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Author: Merianna Harrelson

I am the Pastor of New Hope Christian Fellowship and Director of Ministrieslab providing tools and resources to churches, clergy, and lay people to meet need. I am always looking for a good cup of coffee and a great book to read.

That’s not “just John Doe.” That’s Sexual Harassment.

Sexual harassment lives in systems like workplaces, family, and communities of faith because systems always aim to keep homeostasis or a place of stable equilibrium. If there is something that threatens that stability or equilibrium by asking for changes, a system resists those changes.

It’s why in systems like families, workplaces, or communities of faith, it is common to hear comments that are sexual harassment responded to with, “That’s just John Doe.*” It may be a co-worker or an uncle or a grandfather, but almost always John Doe holds a position of power in the system. Therefore, questioning or challenging John Doe would be detrimental to the individual who challenges John Doe.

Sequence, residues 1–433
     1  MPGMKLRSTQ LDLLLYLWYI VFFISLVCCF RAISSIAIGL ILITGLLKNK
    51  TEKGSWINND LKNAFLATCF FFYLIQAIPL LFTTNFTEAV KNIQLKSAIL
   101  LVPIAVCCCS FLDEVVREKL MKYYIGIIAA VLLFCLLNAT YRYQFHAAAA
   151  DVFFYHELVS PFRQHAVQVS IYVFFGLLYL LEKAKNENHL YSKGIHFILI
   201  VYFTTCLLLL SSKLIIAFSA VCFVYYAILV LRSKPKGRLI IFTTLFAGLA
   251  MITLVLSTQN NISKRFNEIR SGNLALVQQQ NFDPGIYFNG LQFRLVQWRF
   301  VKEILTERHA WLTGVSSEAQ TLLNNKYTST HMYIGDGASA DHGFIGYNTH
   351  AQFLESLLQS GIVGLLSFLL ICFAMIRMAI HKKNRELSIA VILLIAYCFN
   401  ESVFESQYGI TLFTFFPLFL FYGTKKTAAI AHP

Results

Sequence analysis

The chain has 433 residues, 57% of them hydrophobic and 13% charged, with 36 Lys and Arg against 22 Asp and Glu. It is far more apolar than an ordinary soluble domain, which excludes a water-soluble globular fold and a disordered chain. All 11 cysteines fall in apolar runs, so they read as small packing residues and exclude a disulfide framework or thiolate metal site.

But that’s not “just John Doe.” That’s sexual harassment.

When sexual harassment goes unanswered because of the position of the person who sexually harasses, we teach those who are victims that if you have enough power and privilege, the rules don’t apply to you. The issue of sexual harassment in our culture is so prevalent that it is going to take a concerted effort to eradicate it from our systems, from our families, and from our speech. This can’t be done by single individuals. This has to be all of us working together to challenge systems harboring and protecting sexual harassment.

Together we can do this. We can imagine better systems. Systems that protect creativity and kindness. Sytems that change the world for the better.

 

 

*John Doe is a placeholder name.

That’s not a compliment. That’s sexual harassment.

It was not long after Ben was born that I was attending a minister’s conference. Ben was in tow, but it was still wonderful to be able to speak about the changing dynamics of church and congregations and to feel like a professional again.

I was riding high on conversations with good ministers when someone stopped in one our conversation and said, “Wow, look at you, you’ve lost all the baby weight. Good for you.” I forced a smile on my face and made my way to a different part of the room.